461

How can I detect in my code that I am in Release mode or Debug mode?

9 Answers 9

901

The simplest, and best long-term solution, is to use BuildConfig.DEBUG. This is a boolean value that will be true for a debug build, false otherwise:

if (BuildConfig.DEBUG) {
  // do something for a debug build
}

There have been reports that this value is not 100% reliable from Eclipse-based builds, though I personally have not encountered a problem, so I cannot say how much of an issue it really is.

If you are using Android Studio, or if you are using Gradle from the command line, you can add your own stuff to BuildConfig or otherwise tweak the debug and release build types to help distinguish these situations at runtime.

The solution from Illegal Argument is based on the value of the android:debuggable flag in the manifest. If that is how you wish to distinguish a "debug" build from a "release" build, then by definition, that's the best solution. However, bear in mind that going forward, the debuggable flag is really an independent concept from what Gradle/Android Studio consider a "debug" build to be. Any build type can elect to set the debuggable flag to whatever value that makes sense for that developer and for that build type.

16
  • 38
    BuildConfig is located in your app's package, e.g. import com.mycompany.myapp.BuildConfig; Jul 12, 2015 at 20:44
  • 15
    due to a bug in AndroiStudio this does not work anymore, it is always false, even in DEBUG mode
    – user387184
    Jul 12, 2015 at 23:35
  • 2
    I am using v1.2.2 and BuildConfig.DEBUG is always false, then I tried the suggestion below which works for me - I will try yours as well - many thanks!
    – user387184
    Jul 13, 2015 at 9:10
  • 4
    As it turns out, this won't work when using a library (always returns true) : stackoverflow.com/q/20176284/878126 . Wonder what's the best alternative Jun 21, 2016 at 9:33
  • 2
    This answer will not work for library project (.aar) Oct 26, 2017 at 9:47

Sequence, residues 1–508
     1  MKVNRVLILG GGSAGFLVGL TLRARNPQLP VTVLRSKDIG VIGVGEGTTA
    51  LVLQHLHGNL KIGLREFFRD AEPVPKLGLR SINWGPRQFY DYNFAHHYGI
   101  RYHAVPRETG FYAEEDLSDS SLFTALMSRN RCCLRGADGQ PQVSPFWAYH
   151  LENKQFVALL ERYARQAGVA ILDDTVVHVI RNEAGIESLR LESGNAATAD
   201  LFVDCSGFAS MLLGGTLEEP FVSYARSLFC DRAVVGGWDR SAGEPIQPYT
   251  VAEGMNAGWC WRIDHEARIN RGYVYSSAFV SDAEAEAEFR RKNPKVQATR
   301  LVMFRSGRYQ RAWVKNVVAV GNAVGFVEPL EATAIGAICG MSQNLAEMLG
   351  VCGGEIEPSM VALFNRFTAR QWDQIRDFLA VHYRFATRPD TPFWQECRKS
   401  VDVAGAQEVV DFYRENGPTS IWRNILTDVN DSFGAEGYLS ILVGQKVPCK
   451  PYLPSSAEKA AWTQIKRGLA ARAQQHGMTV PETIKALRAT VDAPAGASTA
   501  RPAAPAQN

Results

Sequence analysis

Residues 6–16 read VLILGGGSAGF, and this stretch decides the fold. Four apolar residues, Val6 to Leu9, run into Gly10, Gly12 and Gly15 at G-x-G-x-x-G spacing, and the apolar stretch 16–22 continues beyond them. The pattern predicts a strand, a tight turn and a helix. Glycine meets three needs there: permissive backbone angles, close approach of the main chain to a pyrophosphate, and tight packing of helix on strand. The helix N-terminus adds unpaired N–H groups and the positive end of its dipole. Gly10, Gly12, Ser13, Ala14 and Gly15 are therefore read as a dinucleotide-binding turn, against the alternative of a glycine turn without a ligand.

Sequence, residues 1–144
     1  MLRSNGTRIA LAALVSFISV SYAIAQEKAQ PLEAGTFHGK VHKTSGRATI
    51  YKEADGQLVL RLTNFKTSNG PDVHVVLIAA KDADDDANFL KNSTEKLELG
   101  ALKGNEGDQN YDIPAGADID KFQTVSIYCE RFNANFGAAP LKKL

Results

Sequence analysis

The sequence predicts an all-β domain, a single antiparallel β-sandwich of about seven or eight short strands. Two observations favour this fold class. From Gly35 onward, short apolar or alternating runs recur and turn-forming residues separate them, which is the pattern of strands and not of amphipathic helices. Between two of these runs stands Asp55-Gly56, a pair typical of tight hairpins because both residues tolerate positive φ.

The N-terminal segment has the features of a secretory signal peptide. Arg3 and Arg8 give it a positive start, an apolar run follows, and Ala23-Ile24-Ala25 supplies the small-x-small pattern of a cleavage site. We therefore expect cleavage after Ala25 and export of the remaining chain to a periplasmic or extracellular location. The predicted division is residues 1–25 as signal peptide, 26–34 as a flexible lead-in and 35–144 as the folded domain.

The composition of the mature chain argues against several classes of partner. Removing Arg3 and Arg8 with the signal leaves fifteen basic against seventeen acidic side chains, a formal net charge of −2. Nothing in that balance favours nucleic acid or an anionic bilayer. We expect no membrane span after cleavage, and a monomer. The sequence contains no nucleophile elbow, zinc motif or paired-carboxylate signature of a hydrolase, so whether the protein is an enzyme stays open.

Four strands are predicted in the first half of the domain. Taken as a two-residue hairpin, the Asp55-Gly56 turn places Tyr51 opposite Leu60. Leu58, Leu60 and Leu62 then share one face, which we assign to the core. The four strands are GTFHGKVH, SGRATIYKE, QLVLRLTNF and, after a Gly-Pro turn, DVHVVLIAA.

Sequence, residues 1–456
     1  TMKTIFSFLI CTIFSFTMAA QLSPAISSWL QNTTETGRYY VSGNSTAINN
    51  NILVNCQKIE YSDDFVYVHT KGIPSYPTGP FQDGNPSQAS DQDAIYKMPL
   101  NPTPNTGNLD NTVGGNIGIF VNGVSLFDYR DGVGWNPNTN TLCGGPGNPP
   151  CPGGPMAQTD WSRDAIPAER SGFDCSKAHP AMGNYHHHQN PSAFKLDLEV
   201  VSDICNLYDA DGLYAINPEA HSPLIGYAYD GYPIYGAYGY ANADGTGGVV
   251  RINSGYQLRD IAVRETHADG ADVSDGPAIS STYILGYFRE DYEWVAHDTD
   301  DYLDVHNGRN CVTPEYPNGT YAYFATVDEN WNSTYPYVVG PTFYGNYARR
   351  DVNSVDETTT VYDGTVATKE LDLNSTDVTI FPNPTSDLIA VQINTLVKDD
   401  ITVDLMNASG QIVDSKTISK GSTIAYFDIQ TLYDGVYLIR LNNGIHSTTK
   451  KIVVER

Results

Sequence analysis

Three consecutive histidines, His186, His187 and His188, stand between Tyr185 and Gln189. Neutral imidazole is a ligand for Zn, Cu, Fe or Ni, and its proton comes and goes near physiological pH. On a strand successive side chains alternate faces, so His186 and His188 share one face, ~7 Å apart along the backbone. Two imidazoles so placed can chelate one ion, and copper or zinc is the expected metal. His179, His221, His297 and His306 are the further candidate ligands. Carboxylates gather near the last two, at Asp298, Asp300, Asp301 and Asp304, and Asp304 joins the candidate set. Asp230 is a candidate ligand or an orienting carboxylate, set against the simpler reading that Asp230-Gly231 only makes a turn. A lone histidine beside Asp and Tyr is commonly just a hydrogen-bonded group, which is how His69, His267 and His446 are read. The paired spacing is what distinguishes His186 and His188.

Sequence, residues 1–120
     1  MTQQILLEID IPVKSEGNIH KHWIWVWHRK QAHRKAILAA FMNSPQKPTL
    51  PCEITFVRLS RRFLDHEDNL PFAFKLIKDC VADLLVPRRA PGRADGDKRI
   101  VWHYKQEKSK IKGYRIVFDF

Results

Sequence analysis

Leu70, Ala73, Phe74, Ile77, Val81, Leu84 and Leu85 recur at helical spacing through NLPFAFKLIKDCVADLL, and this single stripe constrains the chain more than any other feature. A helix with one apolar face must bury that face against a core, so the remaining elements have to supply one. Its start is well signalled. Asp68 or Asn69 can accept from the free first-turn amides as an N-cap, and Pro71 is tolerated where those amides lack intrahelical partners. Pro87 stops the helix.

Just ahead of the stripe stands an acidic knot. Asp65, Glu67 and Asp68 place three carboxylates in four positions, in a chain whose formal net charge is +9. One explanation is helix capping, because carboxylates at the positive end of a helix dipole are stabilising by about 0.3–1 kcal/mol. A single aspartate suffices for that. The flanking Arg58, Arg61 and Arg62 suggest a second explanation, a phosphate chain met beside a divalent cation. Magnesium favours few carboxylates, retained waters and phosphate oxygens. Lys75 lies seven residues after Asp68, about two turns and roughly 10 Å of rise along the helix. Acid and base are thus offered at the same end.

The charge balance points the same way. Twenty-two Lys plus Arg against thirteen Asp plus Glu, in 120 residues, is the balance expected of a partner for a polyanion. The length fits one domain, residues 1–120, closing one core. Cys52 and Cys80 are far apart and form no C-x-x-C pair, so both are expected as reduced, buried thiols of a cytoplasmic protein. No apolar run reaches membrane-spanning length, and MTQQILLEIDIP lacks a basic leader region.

77

Try the following:

boolean isDebuggable =  ( 0 != ( getApplicationInfo().flags & ApplicationInfo.FLAG_DEBUGGABLE ) );

Kotlin:

val isDebuggable = 0 != applicationInfo.flags and ApplicationInfo.FLAG_DEBUGGABLE

It is taken from bundells post from here

3
  • 7
    This answer will work in all cases regardless of library project or application project. Oct 26, 2017 at 9:48
  • What needs to be imported for getApplicationInfo().flags to work?
    – A1m
    Feb 28, 2019 at 22:00
  • 2
    ok it just doesn't work in static context, see stackoverflow.com/questions/10641144/…
    – A1m
    Feb 28, 2019 at 22:06
71

Yes, you will have no problems using:

if (BuildConfig.DEBUG) {
   //It's not a release version.
}

Unless you are importing the wrong BuildConfig class. Make sure you are referencing your project's BuildConfig class, not from any of your dependency libraries.

enter image description here

4
  • 1
    "Unless you are importing the wrong BuildConfig class"... Yeah, very good point :D Jun 9, 2017 at 14:24
  • Thanks! This was the problem in my project, somehow it was picking up library project's BuildConfig (which is always release mode until Android Studio 3 comes out)
    – Amit Garg
    Jun 9, 2017 at 20:36
  • I am getting an error undefined BuildConfig class in flutter.
    – Kamlesh
    Oct 9, 2020 at 13:24
  • What if, indeed, I'm in a different module that of the project? For example I make an SDK for other apps and I wish to check it out? Mar 7, 2021 at 15:01
45

Due to the mixed comments about BuildConfig.DEBUG, I used the following to disable crashlytics (and analytics) in debug mode :

update /app/build.gradle

android {
    compileSdkVersion 25
    buildToolsVersion "25.0.1"

    defaultConfig {
        applicationId "your.awesome.app"
        minSdkVersion 16
        targetSdkVersion 25
        versionCode 100